Lung Cancer Awareness – A Preventative Discussion with a Bronson Specialist
Dr. Timothy Cox, medical oncologist at Bronson Oncology & Hematology Specialists, offers the following advice to help you lower your chances of developing the disease through education and early detection.
What is Lung Cancer?
The lungs are two spongy organs in the chest that take in oxygen when you inhale and release carbon dioxide when you exhale. It is estimated that over 200,000 cases of lung cancer are diagnosed in the U.S. each year. Although smoking is, by far, the most common risk factor for developing lung cancer, you do not need to be a smoker to get lung cancer. Of all cancers in the U.S., lung cancer causes the most cancer-related deaths among both men and women.
What Are Some Risk Factors?
- Smoking: As the number one risk factor for lung cancer, people who smoke cigarettes are 15-30 times more likely to develop, and die from, lung cancer than non-smokers. If you do smoke or use other tobacco products, it’s important to find a smoking cessation class to help you quit. Not only will this help you reduce your risk of developing lung cancer, but it can also improve your blood pressure, cholesterol and lower your risk factors for heart disease.
- Exposure to secondhand smoke: Scary fact – 7,300 people who have never smoked in their life die of second hand smoke every year. If you are regularly breathing in someone else’s cigarette, pipe or cigar smoke, you are putting yourself in harm’s way.
- Exposure to radon gas: Did you know that approximately 1 in 15 houses are thought to have high radon levels? This naturally occurring gas comes from rocks and dirt, and can get trapped inside homes and buildings. Protect you and your loved ones with a home radon detector. Different types of tests are available, and are often quite affordable.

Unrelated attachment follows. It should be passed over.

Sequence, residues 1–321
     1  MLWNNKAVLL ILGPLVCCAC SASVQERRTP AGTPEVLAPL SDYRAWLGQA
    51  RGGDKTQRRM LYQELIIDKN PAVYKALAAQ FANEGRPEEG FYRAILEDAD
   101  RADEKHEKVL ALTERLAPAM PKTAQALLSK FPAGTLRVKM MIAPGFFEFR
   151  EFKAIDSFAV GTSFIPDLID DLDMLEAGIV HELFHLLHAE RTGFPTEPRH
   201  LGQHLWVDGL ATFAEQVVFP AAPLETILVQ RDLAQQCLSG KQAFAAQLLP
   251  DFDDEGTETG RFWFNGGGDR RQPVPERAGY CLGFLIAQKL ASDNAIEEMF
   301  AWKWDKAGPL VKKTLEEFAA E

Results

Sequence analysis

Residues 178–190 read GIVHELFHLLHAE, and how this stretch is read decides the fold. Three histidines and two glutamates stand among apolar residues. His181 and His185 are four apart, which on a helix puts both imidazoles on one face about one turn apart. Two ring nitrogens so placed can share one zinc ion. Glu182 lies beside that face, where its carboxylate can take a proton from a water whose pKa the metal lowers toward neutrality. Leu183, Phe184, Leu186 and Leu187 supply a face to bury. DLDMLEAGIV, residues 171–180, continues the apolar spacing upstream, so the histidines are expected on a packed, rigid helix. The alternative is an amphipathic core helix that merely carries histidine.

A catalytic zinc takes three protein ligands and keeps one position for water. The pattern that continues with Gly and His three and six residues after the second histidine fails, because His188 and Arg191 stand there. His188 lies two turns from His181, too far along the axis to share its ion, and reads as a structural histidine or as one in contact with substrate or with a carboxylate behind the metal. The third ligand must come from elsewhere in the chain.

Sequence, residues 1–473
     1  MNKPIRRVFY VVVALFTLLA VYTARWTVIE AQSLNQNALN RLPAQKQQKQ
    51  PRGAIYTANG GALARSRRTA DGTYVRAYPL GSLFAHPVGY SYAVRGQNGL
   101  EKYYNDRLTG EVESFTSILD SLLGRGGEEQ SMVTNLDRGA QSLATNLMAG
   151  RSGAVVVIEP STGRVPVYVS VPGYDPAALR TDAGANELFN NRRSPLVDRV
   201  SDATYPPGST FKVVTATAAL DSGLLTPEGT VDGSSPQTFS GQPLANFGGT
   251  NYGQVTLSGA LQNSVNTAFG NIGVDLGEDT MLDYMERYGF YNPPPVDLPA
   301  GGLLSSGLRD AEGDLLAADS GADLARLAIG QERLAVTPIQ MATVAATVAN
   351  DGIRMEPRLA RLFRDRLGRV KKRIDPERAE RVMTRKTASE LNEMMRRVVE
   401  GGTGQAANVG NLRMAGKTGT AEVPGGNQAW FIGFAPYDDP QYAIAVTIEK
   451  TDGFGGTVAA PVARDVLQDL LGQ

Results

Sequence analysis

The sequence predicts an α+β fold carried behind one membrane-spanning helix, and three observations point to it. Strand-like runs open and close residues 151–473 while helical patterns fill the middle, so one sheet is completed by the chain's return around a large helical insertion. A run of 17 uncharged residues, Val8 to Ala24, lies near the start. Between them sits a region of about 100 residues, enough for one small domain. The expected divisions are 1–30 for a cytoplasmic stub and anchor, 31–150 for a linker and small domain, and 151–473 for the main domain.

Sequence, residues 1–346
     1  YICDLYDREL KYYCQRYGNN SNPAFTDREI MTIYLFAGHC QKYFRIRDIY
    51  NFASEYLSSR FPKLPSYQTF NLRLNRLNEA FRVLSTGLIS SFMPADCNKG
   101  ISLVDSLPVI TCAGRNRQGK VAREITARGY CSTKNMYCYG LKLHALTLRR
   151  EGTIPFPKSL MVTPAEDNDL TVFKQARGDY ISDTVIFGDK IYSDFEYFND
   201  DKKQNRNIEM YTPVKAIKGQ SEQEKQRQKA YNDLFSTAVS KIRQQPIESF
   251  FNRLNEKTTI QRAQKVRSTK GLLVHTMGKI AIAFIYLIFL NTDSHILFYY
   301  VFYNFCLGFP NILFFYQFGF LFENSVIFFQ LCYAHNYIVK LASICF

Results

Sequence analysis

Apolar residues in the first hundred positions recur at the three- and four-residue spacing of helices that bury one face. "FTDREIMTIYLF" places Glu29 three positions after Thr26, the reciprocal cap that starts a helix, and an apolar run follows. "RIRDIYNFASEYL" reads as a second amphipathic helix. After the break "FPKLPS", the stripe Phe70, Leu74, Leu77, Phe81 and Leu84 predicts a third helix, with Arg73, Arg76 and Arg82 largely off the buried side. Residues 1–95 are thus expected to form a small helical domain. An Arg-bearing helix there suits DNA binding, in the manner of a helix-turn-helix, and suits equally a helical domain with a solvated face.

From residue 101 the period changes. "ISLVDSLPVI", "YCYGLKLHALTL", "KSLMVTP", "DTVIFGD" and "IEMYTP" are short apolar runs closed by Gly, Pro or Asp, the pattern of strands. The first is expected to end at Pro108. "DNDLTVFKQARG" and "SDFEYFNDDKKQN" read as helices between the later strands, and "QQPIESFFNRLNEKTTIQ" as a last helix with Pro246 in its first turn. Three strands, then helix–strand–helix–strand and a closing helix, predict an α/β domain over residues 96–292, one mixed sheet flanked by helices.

- Exposure to asbestos and other carcinogens: Some workplaces can cause you to have an increased exposure to cancer-causing substances, like arsenic, chromium and nickel. These are dangerous and are known to cause lung cancer.
- Family history: As with all cancers, genetics can put certain people at an increased risk. If your immediate family members have or had lung cancer, you may be more prone to developing the disease, too.
How Often Should I Be Screened?
Lung cancer screenings are not common. The Centers for Disease Control only recommend adults who have no symptoms, but are at high risk for developing the disease, be screened.
What Are Signs of Lung Cancer?
- Coughing that gets worse or doesn’t go away
- Chest pain
- Shortness of breath
- Coughing up blood
- Feeling very tired all the time
- Weight loss with no known cause
How Can I Reduce My Risk?
- Don’t smoke.
- Avoid secondhand smoking.
- Get your home tested for radon.
- Eat a fruits and vegetables.
- Exercise regularly.
Keep Your Lungs Healthy
If you experience lung issues, trust your care to Bronson’s respiratory team. Whether you’re suffering from asthma, COPD, cystic fibrosis, or you think you have symptoms of lung cancer, high-quality care is available across southwest Michigan. Learn more now.
High-Quality Cancer Care Close to Home
If you receive a cancer diagnosis, trust southwest Michigan’s most preferred healthcare system. Bronson Cancer Centers - located in Battle Creek and Kalamazoo - offer a comprehensive approach to care that surrounds with the expertise, technology, resources and positivity that you and your family need for your cancer journey. Learn more about Bronson's regional cancer program, including our nationally-recognized center in Battle Creek, at bronsonhealth.com/cancer.